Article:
Landsat to be privatised, once more?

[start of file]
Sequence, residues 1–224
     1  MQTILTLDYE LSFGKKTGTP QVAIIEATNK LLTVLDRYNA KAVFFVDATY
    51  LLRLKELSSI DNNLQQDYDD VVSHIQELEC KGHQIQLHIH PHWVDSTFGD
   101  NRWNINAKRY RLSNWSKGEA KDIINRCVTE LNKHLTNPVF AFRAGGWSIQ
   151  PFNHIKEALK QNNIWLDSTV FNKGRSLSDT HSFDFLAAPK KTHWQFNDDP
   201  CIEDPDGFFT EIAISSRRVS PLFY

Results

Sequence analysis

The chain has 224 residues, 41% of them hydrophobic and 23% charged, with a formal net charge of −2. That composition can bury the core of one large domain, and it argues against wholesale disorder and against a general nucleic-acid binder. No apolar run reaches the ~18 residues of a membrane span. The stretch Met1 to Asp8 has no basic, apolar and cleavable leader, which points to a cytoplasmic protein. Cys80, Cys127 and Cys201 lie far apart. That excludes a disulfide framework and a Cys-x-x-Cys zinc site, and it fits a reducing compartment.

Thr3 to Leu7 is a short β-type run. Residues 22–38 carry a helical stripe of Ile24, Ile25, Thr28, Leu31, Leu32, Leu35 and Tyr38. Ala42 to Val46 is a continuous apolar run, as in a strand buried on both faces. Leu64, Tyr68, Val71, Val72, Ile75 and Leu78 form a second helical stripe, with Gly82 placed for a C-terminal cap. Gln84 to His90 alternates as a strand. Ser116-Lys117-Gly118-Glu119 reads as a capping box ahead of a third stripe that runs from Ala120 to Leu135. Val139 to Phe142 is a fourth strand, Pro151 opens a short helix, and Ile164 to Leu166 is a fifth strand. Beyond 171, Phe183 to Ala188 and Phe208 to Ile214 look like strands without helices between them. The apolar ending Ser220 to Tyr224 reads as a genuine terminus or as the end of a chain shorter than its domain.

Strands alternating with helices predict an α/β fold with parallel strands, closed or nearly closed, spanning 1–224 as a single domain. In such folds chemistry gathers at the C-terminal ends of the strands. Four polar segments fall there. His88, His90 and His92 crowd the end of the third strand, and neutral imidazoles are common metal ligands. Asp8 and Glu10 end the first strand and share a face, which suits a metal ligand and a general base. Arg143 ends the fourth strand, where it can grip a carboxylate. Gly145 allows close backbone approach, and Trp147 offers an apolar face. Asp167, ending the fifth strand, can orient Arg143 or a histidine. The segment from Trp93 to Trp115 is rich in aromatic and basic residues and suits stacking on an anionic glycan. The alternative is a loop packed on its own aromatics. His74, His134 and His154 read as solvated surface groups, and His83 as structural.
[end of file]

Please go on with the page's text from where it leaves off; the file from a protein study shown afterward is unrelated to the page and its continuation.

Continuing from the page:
Remote sensing, once the domain of researchers seeking hitherto undiscovered potato fields, lost cities and the intricacies of drainage patterns, entered the commercial domain in a big way about a decade ago.  As well as giving lugubrious views of factories reputed to be manufacturing weapons of mass destruction, the aftermath of their bombing and that of villages alleged to harbour agents of the “axis of evil”, remote sensing helps find physical resources, spots farmers who fraudulently claim subsidies for non-existent crops and is used to site cell-phone transmitter networks.  There are now several orbiting systems launched by commercial outfits that offer pin sharp and spectrally revealing information, at a cost.  The workhorse of remote sensing since 1972 has been the US Landsat series.  Following the addition of the Thematic Mapper in 1984, pressure grew for Landsat’s privatization in 1988.  Prices jumped tenfold, to the horror of researchers, and the venture became uneconomic because of insufficient private-sector interest.  Landsat 7, which carries an Enhanced Thematic Mapper, made orbit in 1999, and is administered by the US Geological Survey.  Landsat-7 ETM data sell at $600 per scene, which is a bargain.  Such has been the demand for data that US authorities are once more trying to shed responsibility for data provision to private hands, by asking for bids to develop, launch and market the next Landsat.  Prices will once again leap to profitable levels.  The joint US-Japan ASTER system aboard the ostensibly research-oriented Terra satellite rivals Landsat ETM in quality, and many scientists have been trying out the data.  Again, to their disquiet, pressure reputedly from the Japanese partners has resulted in once free data being assigned a price of $55 per scene

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